Inés Domingo

Universitat de Barcelona (UB)


Inés is ICREA Research professor in the Section of Prehistory and Archaeology (Universitat de Barcelona) since 2010, and incoming Vice-president of the World Archaeological Congress. Through her current and previous positions at the Universities of Valencia (Spain) and Flinders (Australia) she explores the ‘Archaeologies’ of rock art from a multidisciplinary perspective. Her performance in archaeology has earned her a number of academic awards and distinctions: Honorary Associate Researcher at the Dep. of Archaeology, Flinders University (Australia) since 2009; Blaze O’Connor memorial award (WAC, Jordan, 2013); Honorary appointment as guest professor at HeTao University (Inner Mongolia, China) (2010); Honorary Research Fellow of Inner Mongolia Rock Art Protection and Research Association, and Inner Mongolia Rock Art Research Academy (2010) and a PhD University Award (Premio extraordinario de doctorado) (2006).


Research interests

My primary research interest is rock art. In Spain, I aim to advance our understanding of Postpalaeolithic rock art of Mediterranean Iberia (World Heritage since 1998), combining state of the art technologies, theories and methods and seeking interdisciplinary collaborations for physic and chemical analysis of pigments, and digital rock art recording. Through the systematic analysis and decomposition of rock art panels and their contexts I intend to discover hidden clues providing insights into the past to answer questions of what, why, where, how, when and who produced this millenary legacy. In Australia I explore the social and territorial aspects of rock art from an ethno-archaeological perspective, working with Aboriginal people and Australian researchers in Arnhem Land. Combining both perspectives (archaeology and ethnography) I aim to develop a more critical theoretical framework to explore past and present rock art.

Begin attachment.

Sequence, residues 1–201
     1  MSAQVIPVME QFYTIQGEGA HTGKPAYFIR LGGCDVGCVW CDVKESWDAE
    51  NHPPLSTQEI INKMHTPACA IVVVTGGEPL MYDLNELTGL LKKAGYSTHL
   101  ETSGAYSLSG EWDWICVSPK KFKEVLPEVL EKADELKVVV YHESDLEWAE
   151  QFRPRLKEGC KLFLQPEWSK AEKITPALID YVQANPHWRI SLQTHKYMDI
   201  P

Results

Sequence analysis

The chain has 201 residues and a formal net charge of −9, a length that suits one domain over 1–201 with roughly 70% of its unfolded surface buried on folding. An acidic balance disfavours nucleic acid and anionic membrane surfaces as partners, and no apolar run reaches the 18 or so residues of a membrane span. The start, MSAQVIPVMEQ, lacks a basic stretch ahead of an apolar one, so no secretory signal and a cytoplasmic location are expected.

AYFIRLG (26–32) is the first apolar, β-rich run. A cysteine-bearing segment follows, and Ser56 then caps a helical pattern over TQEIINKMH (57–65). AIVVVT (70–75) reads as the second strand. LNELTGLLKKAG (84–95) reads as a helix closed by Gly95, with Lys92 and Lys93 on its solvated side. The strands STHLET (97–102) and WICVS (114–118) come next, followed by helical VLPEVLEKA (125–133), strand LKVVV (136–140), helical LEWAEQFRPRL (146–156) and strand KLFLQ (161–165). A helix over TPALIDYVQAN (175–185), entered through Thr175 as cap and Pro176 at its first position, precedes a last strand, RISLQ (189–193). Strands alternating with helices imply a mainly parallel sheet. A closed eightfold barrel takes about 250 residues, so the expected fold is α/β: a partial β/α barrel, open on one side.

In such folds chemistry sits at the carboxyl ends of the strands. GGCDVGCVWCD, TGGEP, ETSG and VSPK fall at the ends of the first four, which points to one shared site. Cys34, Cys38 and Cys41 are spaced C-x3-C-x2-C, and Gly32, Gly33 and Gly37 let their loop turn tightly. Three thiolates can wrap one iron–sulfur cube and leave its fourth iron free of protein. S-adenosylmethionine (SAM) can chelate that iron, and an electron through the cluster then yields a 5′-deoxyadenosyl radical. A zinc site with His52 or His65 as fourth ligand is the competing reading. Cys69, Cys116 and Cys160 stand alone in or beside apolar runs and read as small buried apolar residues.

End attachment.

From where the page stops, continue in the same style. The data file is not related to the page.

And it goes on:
Selected publications

Domingo I & Bea M 2016, ‘From Science to Heritage: new challenges for World Heritage rock art sites in Mediterranean Spain in the 21st century’ in Brady L & Taçon P (eds.), Relating to rock art in the contemporary world: navigating symbolism, meaning and significance, University Press of Colorado, 213-244.

Domingo I, May SK & Smith C 2016, ‘Communicating through rock art: an ethnoarchaeological perspective’, in Buchsenschutz O, Jeunesse C, Mordant C & Vialou D (dir.) Signes et communication dans les civilisations de la parole, Edition electronique du CTHS (Actes des congres des sociétés historiques et scientifiques), Paris, pp 9-26.

– Smith C, Domingo I & Jackson G 2016,  ‘Beswick Creek Cave six decades later: change and continuity in the rock art of Doria Gudaluk’, Antiquity, 90 (354): 1613-1628.

– Roman I, Nadal J, Domingo I, García-Argüelles P, Lloveras Ll & Fullola JM 2016, ‘La fin du Paléolithique dans la Catalogne Méridionale Ibérique revisitée: nouvelles reponses pour anciennes questions’, L’Anthropologie, 120: 610-628.

Selected research activities

– Session Organizer at WAC8 (Kyoto-Japan):

  • with Dr. Fiore (CONICET, Argentina): Mind the gap! Building bridges between scientific approaches and public interests in the archaeology of art.
  • with Drs. Taçon (Griffith University, Australia) and May (ANU, Australia): Change and continuity in rock art.

– Congress papers:

  • with Román: From research to the public. Participatory initiatives to promote Levantine rock art. WAC8 (Kyoto-Japan).
  • with May, Johnston, Taçon: Dynamic Places: early human figurative rock art in northern Australia. WAC8 (Kyoto-Japan).
  • with García, Martins, Ochoa, Vigiola: Datando el arte prehistórico: método, muestreo, datos, límites e interpretaciones. Congreso: cronometrías para la historia de la Península Ibérica. Universidad Autònoma de Barcelona.